Most Iconic Shirt Sponsor Of Every Premier League Club Since 1992

Eighteen years remains the longest t-shirt sponsor agreement a Premier League club has ever celebrated with a brand. Carlsberg was on the Liverpool team from the beginning of the era of English football fans and may have stayed on board for so long in the desperate hope that the club would win a Premier League title. Unfortunately, the Danish beer brand surrendered in 2010 and Liverpool scratched the itch with the sexy Standard Chartered on its strips. To avoid a clash with Leeds in the 1970 FA Cup final, Chelsea turned her usual white socks, shirt finish and club badge into yellow.

The Dutch airline saw its logo on the club’s shirts, such as Gary Bilsett’s, between 1984 and 1995, with ground advertising announcing its services to aircraft at nearby Heathrow. We’ve looked at the archives and chose the most iconic T-shirt sponsor from any current Premier League club since 1992. Usually these kits are those where players and teams produce memorable and impressive performance. This Wolves old football shirts kit is a simple yet effective clean gold shirt with black trim. What gives him an advantage, however, is the big black and gray “W” in the middle of the shirt, which the sponsor of the club that season, W88, indicates . Despite the tradition that most teams are locked in a color and basic design template, there are numerous cases where manufacturers produce unique and innovative spins in classic kits.

No wonder his team that won the European Cup in 1967 seemed so beautiful. But they couldn’t resist the modern road forever and eventually started using numbers on their backs in 1994. PSG was founded in 1970 after the merger of Paris Football Club and Stade Saint-Germain, and they started using this red stripe with white trim on a navy blue background in 1974. They wore variations on the kit made until 1981 by fashion designer Daniel Hechter, then the president of the club. Johan Cruyff was such a fan of Hechter that he played two games for PSG in a pre-season tournament in 1975.

Brazil ’70 – Brazil’s yellow and blue is the most famous edge in football and this is largely the reason. The best team undoubtedly broke through in the World Cup, which was the first color broadcast for some. The yellow shirts attracted as much attention as football, leaving a kit that is difficult to argue as the most characteristic in history. The Italian sportswear brand Ellesse produced the Cosmos shirt between 1981 and 1984, with a striking blue and yellow chain and nothing more than a number on the hull instead of a sponsor.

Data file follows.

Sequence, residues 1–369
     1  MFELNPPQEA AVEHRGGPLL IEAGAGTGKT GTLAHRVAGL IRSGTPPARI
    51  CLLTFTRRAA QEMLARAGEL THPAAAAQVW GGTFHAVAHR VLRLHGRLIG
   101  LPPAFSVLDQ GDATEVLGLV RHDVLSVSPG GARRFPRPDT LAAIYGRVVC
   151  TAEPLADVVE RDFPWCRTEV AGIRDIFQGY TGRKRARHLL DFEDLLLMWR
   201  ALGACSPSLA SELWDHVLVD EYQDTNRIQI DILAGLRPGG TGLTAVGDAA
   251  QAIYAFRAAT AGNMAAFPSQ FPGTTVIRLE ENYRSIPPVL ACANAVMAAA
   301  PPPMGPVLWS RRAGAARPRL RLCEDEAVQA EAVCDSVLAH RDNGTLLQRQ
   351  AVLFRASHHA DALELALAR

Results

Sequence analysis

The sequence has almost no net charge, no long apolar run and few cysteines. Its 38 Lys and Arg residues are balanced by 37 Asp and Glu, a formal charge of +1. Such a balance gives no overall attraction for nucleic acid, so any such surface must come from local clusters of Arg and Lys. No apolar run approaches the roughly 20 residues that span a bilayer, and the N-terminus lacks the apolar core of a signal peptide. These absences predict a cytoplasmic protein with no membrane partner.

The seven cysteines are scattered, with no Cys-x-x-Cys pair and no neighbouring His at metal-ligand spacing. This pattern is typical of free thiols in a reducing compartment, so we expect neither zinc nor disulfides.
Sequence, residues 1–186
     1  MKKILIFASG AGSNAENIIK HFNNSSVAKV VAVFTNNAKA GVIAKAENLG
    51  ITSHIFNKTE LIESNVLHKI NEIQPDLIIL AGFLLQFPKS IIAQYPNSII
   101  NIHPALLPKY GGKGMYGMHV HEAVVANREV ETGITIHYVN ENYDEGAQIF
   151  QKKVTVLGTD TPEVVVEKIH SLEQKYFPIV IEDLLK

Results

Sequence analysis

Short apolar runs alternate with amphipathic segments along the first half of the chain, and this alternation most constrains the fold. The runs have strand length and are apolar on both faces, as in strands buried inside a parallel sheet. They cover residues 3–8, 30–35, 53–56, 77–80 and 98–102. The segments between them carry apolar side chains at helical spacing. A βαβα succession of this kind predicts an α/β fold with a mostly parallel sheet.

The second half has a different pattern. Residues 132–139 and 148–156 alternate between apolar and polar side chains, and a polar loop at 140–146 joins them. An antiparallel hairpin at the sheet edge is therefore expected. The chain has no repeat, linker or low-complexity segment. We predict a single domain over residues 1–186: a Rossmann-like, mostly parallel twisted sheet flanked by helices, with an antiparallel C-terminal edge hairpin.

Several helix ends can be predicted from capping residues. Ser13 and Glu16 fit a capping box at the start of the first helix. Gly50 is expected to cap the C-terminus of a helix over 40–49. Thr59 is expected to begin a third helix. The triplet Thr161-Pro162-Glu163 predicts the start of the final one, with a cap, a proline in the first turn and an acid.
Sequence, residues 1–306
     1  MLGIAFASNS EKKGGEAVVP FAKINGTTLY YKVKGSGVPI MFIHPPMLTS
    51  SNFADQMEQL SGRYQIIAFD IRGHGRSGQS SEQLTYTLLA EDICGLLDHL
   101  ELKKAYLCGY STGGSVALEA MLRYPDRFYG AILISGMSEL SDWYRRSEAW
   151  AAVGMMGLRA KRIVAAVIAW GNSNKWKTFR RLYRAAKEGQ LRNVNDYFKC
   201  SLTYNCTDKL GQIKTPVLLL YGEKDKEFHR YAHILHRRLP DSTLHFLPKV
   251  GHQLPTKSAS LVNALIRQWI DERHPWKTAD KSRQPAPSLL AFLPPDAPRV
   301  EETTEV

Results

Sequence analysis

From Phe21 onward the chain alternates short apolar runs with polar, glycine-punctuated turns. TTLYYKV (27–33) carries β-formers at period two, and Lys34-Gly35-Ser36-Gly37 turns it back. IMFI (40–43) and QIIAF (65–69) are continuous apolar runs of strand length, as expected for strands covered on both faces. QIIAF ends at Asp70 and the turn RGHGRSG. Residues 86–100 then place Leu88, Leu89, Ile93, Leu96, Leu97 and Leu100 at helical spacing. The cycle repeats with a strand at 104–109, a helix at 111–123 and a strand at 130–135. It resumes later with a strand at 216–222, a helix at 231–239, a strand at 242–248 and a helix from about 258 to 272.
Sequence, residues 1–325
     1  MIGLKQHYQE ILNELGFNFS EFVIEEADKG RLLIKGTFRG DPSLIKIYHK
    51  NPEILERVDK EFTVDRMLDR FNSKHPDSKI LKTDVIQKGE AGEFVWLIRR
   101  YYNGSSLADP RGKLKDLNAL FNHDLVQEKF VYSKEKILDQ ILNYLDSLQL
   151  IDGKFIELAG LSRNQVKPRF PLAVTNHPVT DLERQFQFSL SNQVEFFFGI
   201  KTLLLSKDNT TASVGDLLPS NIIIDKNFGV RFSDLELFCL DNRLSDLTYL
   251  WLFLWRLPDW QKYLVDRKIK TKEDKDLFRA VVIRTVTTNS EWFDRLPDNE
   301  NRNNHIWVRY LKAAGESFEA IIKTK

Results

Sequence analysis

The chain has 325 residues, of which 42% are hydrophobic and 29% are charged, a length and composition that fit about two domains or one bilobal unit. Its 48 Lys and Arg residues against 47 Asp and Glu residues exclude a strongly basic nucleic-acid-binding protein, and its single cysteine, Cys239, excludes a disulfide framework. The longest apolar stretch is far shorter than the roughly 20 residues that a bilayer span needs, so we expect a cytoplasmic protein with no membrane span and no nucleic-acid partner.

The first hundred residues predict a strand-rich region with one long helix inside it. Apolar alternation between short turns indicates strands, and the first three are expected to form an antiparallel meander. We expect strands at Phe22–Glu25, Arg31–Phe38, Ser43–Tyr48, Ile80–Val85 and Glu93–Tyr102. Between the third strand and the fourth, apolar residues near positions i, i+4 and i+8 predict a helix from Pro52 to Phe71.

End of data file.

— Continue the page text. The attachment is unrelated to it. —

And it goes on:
Milanese clubs should certainly be the most consistent suppliers of quality uniforms, perhaps no surprise, as they are located in one of the world’s fashion capitals. This one, from 1990 to 1992, with its intact black and red stripes reflecting around the neck and the small Adidas clover, is an exemplary embodiment of one of the most iconic kits in world football. Zola, Crespo, Thuram, Buffon, Veron, Cannavrro and the company went to Parma in the Paramalat shirts in the 90’s, arguably the best teams and shirts in the club’s history. Add Champion as a t-shirt maker and you will get one of the most attractive kits of all time.

The third English T-shirt from 1990 is one that would have been loved at the time, but would have been hated by the end of the decade. Collectors and fans of modern shirts will have fallen in love with the unique design. Umbro designed the shirt with blue-white overlapping diamonds covering the shirt. After wearing the style for a few seasons, the eagle was worn on the club badge rather than the front of the shirt. According to Lore, the reason Lazio walked away from the iconic shirt was because he had no design rights.

Inspired by Umbro’s iconic design and typography, the two pink and black shirts honor the club’s base colors, with the BFC crest and BLACKDOGS badge showing the club’s current evolution. A simple memorial detail pays tribute to Sara D Roosevelt Park, the area where the club has played since it all started as a friendly pick-up game in 2001. The best version was the long sleeve shirt from 1978, which was worn by players like Mario Kempes. To this day, Argentina has one of the best football kits of all time because they don’t mess with an elegant design. Germany has a history of making epic football shirts, but this is certainly the best.